5. During its investigations in the Hagia Sophia in Istanbul in 2009 JAK had come across an insignificant star-shaped ornament, which is extended by four trifoliate white lilies. The former main church of the orthodox Christendom and later mosque has since 1934 been used as the Hagia Sophia Museum. The ornament stays open in its ambiguously symbolic code and for different cultural and religious contexts, despite its location in the architecture charged by its history. This openness may have been the reason for JAK to start working from here. The rays of the star do not only refer to the eight directions of the compass rose and with it to cosmic order and cosmic balance, but also to the eighth day of creation, the new creation of the human being and with it to “eight” as a symbol for the resurrected Christ10.

Accoring to Buddhist and Hinduist myths, the eight-leaved shut lotos blossom floats on the ancient waters. It is read as a symbol of the provided but not yet used opportunities before the creation of the earth. As an open blossom it becomes the allegory of creation. The white lily is an ancient and widespread symbol of light. In Christianity it represents immaculateness, innocence and virginity and is often connected to representations of the Virgin Mary. In the Bible, single stars are connected to the star of Balaam and the star of the three magi that lead them to Bethlehem. Together with sun and moon the stars mark the divine area. However, with the ornament selected by JAK, the history of the Byzantine Iconoclastic Controversy and the history of the Hagia Sophia is also dealt with. On the VII ecumenical council to Nicaea11 the Byzantine Iconoclasm is decided in favour of the Iconodules. The admiration of pictures is permitted if it is directed upon the prototype and is strictly distinguished from the adoration of God. The fact that for the proliferation of idolatry beside the incarnation of Christ and the personal unity of divine and human nature in Jesus Christ also the indication to the charismatic self reflection of the miraculous images was of fundamental importance, but that’s another story. After the conquest of Constantinople by Sultan Mehmet II Fatih the Hagia Sophia is declared a mosque in 1453. The mosaics and icons are removed or painted. As a museum, the Hagia Sophia is now accessible without any restriction. Today, some areas that have been painted over are restored again.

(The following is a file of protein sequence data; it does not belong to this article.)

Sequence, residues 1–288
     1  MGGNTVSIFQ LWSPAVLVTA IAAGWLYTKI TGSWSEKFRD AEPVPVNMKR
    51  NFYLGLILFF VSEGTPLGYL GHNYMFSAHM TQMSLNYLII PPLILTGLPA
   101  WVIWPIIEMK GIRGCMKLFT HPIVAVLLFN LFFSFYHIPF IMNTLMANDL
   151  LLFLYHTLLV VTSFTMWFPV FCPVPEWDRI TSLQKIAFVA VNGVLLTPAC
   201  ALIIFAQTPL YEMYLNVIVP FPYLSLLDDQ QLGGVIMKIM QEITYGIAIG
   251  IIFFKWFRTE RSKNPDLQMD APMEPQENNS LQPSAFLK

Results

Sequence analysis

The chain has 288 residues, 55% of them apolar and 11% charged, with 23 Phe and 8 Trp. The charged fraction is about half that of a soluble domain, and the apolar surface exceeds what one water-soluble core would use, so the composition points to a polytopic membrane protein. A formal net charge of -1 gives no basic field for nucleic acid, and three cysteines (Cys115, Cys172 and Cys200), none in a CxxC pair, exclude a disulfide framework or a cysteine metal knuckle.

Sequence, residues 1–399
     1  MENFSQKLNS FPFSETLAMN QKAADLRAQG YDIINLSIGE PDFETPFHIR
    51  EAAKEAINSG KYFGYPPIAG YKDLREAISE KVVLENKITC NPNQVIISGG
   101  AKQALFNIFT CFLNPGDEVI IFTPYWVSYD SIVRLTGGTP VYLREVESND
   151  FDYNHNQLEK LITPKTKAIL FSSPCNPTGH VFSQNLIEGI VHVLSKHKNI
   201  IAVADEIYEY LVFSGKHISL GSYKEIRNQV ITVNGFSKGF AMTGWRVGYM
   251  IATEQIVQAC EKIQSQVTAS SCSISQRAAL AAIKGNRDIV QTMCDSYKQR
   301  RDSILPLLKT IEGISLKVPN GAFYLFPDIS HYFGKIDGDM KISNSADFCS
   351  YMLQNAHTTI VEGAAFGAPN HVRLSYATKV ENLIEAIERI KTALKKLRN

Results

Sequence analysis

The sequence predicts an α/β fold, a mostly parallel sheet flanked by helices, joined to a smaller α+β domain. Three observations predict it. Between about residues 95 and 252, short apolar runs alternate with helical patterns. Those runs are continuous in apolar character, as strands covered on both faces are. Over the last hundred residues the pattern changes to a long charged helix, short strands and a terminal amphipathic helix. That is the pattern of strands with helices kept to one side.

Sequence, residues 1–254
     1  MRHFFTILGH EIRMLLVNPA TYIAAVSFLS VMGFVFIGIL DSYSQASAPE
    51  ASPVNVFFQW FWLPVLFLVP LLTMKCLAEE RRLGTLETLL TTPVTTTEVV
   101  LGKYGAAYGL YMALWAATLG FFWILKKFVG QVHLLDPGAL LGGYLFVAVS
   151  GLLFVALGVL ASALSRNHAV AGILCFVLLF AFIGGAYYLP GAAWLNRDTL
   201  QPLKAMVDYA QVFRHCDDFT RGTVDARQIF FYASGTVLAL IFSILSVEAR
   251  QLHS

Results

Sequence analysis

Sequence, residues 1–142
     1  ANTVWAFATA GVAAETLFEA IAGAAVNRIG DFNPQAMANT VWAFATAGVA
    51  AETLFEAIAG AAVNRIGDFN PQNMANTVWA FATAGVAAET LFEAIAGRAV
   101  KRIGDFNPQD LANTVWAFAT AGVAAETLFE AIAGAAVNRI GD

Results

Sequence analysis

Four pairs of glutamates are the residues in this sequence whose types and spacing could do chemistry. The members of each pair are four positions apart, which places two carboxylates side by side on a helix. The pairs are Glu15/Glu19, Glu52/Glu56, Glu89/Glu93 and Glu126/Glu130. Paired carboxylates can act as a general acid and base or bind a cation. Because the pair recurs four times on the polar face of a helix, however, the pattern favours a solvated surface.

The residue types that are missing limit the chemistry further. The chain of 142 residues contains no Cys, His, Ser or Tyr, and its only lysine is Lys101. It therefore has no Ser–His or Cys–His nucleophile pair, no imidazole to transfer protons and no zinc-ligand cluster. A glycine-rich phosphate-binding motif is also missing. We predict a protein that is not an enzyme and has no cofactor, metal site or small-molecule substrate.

JAK has enlarged the Hagia Sophia ornament to a 200 x 200 cm format, has rebuilt it with empty water bottles and put it into a swimming pool on the island Büyükada. At night the object is illuminated in rhythmical intervals by a generator. Everyone who knows about Byzantine iconoclasm thinks of the stories of miraculous images. According to one of these stories they have traveled on own impulse and automatically over the sea and fight in battles. Whoever is reminded of religion and politics with this piece of work, is also reminded of the still not yet solved religious and social conflicts between the religious majorities and minorities in Turkey. JAK calls its work "Chandelier".